Articles Comments

Peace Watch » Kashmir-Talk » Dreaming of Rumi’s Quill

Dreaming of Rumi’s Quill

Dreaming Of Rumi’s Quill

Quill pen! Oh! I always dreamt of having one. It was a dream. I was reminded of this dream on reading these lines from some little known poet: “Everyone asks, who inspires your hand? My quill pen,  fellow poet.”
 I vividly remember when I started dreaming of having a quill pen. I was in class five; the class we started reading English premier. The artwork and the alphabets in this premier caught my imagination.  The alphabets, to me, were as inanimate and lifeless as rotting logs of wood in the Ramzan Khan’s timber shop that had eaten into the cherry trees of Ama Lala, our neighbour.  The illustrations were vibrant, vivacious and pulsating; every moment I looked at them, they came to life as Donald Duck, Mickey Mouse and Scooby in today’s animated cartoon films. I still remember we cried full throat in chorus  C A T ma-nay Billi, R  A T ma-nay chouhi , ‘the cat is on the mat’ billi chatay par hai  and  the ‘rat is in the trap’ chouhi pahanday main hai- we cried so loud and hoarse that it drowned the ferocious noise of the shuttles of hand and power looms in the back lanes of our school. There were many ruffle making factories around our school but dangerously noisy was barely ten feet from our classroom. The tick-tock noise from the moving shuttles fell on our tender brains like Goshapar– the wooden mallet on freshly cut tender meat on a chiselled limestone for making goshtaba.   
After crying to the full strength of my vocal cords,   Q U I L L ma-nay par ki kalam, I often suddenly stopped and looked at the illustration on my book;  a quill pen dipped in the inkpot on a small desk. And I started dreaming; I would own a quill pen one day. My imagination ran as wild as that of a damsel for her bridegroom. In my imagination, I started chasing a black kite in the skies and pulling out the flight feather from her wings and making a pen out of it.  I had learnt the art of catching birds like bulbuls, common hoopoes and rock pigeons, but it was a wild goose chase, even thinking of netting a kite and pulling out the longest flight feather from her wings for making a pen.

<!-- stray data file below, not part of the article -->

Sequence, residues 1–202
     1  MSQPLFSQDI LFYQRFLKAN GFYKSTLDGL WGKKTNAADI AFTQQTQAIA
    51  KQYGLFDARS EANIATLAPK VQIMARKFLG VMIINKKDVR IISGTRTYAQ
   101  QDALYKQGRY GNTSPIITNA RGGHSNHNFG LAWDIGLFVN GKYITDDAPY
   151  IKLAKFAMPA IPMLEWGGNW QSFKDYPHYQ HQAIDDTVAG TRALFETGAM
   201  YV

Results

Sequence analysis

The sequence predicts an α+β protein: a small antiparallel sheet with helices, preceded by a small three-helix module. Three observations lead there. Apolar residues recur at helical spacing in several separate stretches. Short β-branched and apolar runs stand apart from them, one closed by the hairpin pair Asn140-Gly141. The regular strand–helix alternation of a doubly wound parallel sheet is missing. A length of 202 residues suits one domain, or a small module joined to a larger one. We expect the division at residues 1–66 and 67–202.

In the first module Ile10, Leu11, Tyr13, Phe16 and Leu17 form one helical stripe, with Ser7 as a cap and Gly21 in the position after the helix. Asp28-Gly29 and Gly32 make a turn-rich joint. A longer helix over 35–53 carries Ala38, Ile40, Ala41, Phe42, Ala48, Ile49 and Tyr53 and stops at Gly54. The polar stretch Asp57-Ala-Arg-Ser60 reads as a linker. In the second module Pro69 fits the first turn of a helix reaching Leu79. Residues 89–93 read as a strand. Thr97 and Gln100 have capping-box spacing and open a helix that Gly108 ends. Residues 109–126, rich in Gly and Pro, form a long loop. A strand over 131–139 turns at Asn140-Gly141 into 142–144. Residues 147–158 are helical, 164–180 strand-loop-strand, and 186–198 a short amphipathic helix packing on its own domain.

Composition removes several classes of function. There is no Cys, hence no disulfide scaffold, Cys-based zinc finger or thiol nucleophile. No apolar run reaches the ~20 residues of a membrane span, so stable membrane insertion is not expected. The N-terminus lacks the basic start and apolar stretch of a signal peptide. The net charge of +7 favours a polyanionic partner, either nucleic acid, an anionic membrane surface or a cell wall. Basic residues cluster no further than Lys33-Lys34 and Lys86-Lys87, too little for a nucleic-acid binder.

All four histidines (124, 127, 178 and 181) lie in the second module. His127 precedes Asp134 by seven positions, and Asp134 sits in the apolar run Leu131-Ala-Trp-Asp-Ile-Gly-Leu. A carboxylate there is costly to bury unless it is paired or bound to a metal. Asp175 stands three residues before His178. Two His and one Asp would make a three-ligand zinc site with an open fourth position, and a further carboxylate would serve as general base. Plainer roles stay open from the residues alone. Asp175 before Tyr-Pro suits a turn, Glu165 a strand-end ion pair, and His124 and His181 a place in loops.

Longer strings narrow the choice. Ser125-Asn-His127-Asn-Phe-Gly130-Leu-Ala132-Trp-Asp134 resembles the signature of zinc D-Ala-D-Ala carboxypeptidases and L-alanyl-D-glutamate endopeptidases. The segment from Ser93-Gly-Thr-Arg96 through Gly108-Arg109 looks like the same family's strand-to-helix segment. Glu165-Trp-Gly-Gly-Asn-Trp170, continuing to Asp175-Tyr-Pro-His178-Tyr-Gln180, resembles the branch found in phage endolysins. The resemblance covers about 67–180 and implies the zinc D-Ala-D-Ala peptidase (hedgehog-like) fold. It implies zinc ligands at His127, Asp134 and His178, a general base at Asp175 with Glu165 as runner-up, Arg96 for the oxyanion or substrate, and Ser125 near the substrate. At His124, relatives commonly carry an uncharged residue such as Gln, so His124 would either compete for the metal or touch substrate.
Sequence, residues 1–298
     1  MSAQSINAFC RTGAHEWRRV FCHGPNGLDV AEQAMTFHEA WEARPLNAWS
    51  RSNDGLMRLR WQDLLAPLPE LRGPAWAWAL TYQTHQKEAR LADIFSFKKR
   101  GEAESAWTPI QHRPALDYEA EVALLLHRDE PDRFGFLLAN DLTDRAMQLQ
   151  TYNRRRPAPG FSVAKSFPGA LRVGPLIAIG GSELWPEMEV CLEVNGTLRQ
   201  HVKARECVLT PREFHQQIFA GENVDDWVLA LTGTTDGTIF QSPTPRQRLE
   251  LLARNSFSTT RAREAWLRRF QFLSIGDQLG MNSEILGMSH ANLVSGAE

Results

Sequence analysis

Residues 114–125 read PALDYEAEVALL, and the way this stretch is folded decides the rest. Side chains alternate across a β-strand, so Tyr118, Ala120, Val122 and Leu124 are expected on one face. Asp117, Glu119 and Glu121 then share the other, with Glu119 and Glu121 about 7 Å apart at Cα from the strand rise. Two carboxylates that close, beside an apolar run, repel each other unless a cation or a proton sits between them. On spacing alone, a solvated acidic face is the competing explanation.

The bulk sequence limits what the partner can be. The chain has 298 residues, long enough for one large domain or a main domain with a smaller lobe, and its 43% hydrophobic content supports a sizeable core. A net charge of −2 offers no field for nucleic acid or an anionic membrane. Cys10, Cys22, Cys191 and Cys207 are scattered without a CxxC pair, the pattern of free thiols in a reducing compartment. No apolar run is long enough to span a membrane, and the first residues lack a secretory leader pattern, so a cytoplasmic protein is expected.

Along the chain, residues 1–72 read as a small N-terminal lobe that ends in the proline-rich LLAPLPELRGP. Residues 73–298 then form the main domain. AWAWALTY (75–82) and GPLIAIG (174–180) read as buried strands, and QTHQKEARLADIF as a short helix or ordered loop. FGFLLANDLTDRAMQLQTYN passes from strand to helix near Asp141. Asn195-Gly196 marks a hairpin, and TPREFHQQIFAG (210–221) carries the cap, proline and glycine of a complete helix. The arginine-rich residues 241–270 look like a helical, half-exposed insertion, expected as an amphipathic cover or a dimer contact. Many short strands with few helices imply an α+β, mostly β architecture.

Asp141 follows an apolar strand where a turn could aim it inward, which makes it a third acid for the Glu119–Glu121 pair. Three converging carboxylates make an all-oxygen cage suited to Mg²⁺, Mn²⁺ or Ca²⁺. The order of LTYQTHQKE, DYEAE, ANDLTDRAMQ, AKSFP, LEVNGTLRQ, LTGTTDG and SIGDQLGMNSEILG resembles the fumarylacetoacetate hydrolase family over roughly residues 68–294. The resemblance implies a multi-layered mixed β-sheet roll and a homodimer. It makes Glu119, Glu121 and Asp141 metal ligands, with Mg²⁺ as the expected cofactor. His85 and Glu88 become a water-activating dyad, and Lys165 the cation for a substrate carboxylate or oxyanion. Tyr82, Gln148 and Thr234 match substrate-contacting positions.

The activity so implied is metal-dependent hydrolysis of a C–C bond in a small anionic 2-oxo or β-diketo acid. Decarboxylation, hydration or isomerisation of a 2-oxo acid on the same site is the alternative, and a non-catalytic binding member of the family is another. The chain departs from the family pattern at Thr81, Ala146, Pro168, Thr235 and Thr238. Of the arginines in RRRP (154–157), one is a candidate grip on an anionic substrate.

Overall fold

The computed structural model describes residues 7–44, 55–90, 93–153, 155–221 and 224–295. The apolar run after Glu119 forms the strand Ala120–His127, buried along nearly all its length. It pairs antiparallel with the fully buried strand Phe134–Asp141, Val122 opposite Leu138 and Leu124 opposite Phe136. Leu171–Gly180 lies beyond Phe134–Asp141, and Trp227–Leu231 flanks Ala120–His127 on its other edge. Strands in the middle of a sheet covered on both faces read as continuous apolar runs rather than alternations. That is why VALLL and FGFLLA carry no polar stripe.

I was mortally afraid of kites that we often call Eagles.  Many a time, I had seen kites perching on the minarets of the hospice or atop towering Chinars on spotting someone buying meat from the butchers’ shop making fierce flights and diving at sabre jet speed and snatching the bag containing mutton from the person.  Sometimes they would also hurt the person carrying the mutton bag. There was a story about a one-eyed carpenter Mohammad Amin Najar in our locality who had lost his eye to an attack by a black kite. His story had kept me away from chasing them even after seeing them sitting lazily with their wings spread basking in the sun on a stark naked brown boulder of mount Koh-a-Maran.
I was not the only child who dreamt of having a quill pen; many other friends had yearned for having feather pens. The flight feather of the kite was not only long and intense but had its grandeur. The dark brown feather with light streaks and strong hollow white shaft that acted as ink reservoir made it also aesthetically beautiful.
 Looking for a robust primary flight feather discarded by kites during their annual moult on the lawns of the martyrs’ graveyard near my home was, for some time, my regular pastime. I remember the hunt for a long feather for making a pen would continue on the lawns of the Jamia Masjid even during zuhar prayer break. On picking up a naturally shed quill from the green turf of the mosque graced by white daisies, I felt as excited as discovering gold dust. I often adorned the feather in my hair- for a minute, I felt- I am the king- a Mogul in my own right.
I did not know how to make an efficient pen out of it that would match the one used by Mama Peer for writing verses from the holy book on cups and saucers. I have written about the tradition of drinking water from cups scrabbled with verses in black ink on the day of examinations and writing some numerical on small bits of paper for burning with some incense for warding off evil spirits.   Whenever I found a flight feather of a kite, I experimented with making a pen out of it for writing on my mashaq as takhtee (wooden board) was called in Kashmiri.  After making a quill pen, I believed that I was as big a maestro as Sheikh Saadi, Jala ad-Din Muhammad Rumi and Firdausi. Despite Persian having lost its throne in the literary world of Kashmir during our childhood, it still reigned as supremely as during the period of the Sultan in the mosques, the hospice and the shrines. It dominated all mystic discourses and was seen as the language of spirituality and mysticism. Persian poetry, particularly the Sufi Poets, continued to be sung along with Kashmiri poetry. Whether mystic or otherwise,  most of the mahfils started with a couplet or two by some great Persian poet. Persian continued to be popular with the older generation elite in our childhood.
 I don’t remember seeing a picture of Milton or Marlow during my childhood, but the photos of the great Persian poets had left indelible imprints on my mind. Most of the works of these great masters were sold outsides by small-time book vendors even trinket and bangle sellers sold them along with cheap jewellery. Most of the literary works carried the poet’s picture reclining against a bolster with a quill pen in his hand, an inkpot and half-written parchment spread on the writing desk in the middle.
My fascination for quill pens was also for these cover pictures. Sadly, despite my best efforts,  I could not make a good quill pen for learning cursive writing. ( From My Book Downtown Boy)

Filed under: Kashmir-Talk

Comments are closed.